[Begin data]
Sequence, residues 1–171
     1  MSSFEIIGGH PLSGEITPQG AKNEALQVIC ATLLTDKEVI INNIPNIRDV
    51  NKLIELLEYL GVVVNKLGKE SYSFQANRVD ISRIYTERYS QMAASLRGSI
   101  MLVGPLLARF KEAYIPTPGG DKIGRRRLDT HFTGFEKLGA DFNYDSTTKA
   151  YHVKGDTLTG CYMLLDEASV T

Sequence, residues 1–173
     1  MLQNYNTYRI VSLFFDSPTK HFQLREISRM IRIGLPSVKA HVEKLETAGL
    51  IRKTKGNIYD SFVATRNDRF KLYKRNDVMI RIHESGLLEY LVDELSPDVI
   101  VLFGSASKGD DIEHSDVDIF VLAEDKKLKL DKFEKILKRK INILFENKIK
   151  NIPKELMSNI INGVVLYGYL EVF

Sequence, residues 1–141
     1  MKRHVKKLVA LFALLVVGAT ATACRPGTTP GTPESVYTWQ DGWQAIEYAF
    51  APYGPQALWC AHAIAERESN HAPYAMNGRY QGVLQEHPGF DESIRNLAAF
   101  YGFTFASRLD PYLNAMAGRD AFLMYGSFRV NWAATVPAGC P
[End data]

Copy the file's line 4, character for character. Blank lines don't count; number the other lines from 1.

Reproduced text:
   101  MLVGPLLARF KEAYIPTPGG DKIGRRRLDT HFTGFEKLGA DFNYDSTTKA